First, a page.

Video Game of the Year
When it comes to Best Of lists, video games ranked according to some person's or group's subjective arguments are probably going to get as much backlash and hate as Best Bands of All Time and Best Movies Ever Made compilations. But author Jordan Minor did something smart in writing Video Game of the Year: he didn't try to straight rank the constituents of a world millions of people feel more connected to than the real one. Instead, he gave himself a chance of success, or at least begrudging acceptance, by attempting to single out video games year-by-year. And not just the best video game of each year, but the Best, Boldest, and Most Bizarre games.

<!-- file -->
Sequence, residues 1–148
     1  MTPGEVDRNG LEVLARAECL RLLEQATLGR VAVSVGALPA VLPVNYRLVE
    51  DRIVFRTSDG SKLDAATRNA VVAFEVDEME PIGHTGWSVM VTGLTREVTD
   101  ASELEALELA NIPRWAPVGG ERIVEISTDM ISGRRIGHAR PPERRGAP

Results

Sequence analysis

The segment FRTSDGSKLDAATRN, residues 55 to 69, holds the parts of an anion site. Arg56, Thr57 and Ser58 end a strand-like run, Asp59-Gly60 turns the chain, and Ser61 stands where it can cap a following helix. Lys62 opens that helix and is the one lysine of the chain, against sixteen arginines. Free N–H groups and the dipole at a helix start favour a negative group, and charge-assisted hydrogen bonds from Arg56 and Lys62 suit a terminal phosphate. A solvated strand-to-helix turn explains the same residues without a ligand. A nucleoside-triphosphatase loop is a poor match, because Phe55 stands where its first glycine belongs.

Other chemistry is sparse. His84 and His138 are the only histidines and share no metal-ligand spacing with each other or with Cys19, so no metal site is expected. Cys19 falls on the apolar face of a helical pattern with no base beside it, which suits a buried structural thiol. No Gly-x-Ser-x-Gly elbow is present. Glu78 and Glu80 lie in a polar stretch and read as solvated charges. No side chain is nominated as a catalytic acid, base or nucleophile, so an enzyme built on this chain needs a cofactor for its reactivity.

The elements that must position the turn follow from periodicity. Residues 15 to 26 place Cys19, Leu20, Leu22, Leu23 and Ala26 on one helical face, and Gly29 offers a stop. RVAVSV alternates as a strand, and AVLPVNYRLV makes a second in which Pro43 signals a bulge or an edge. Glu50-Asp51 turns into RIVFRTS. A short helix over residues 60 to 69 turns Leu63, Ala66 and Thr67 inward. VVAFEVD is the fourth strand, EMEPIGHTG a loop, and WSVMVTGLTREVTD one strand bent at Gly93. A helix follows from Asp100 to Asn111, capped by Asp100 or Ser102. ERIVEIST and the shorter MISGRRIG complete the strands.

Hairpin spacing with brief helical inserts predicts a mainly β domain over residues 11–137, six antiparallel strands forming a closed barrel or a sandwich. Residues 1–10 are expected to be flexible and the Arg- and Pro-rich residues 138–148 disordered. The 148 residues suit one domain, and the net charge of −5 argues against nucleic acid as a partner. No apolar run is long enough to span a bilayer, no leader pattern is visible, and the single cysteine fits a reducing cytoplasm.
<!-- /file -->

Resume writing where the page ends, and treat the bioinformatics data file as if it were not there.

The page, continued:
In addition to being a much less risky endeavor than a book like The Top 50 Video Games in the History of Gaming, Video Game of the Year: A Year-by-Year Guide to the Best, Boldest, and Most Bizarre Games from Every Year Since 1977 also sounds a lot more fun to read. Despite the layout of the book being described as a series of "critical essays," Jordan's exploration of the gaming world covers everything from development stories to how gaming culture, or specific games, have influenced society as a whole.
Video Game of the Year is fully illustrated with "retro-inspired imagery" and covers games such as Pong, The Legend of Zelda, Tetris, Rock Band, The Secret of Monkey Island, Depression Quest, and Super Meat Boy.
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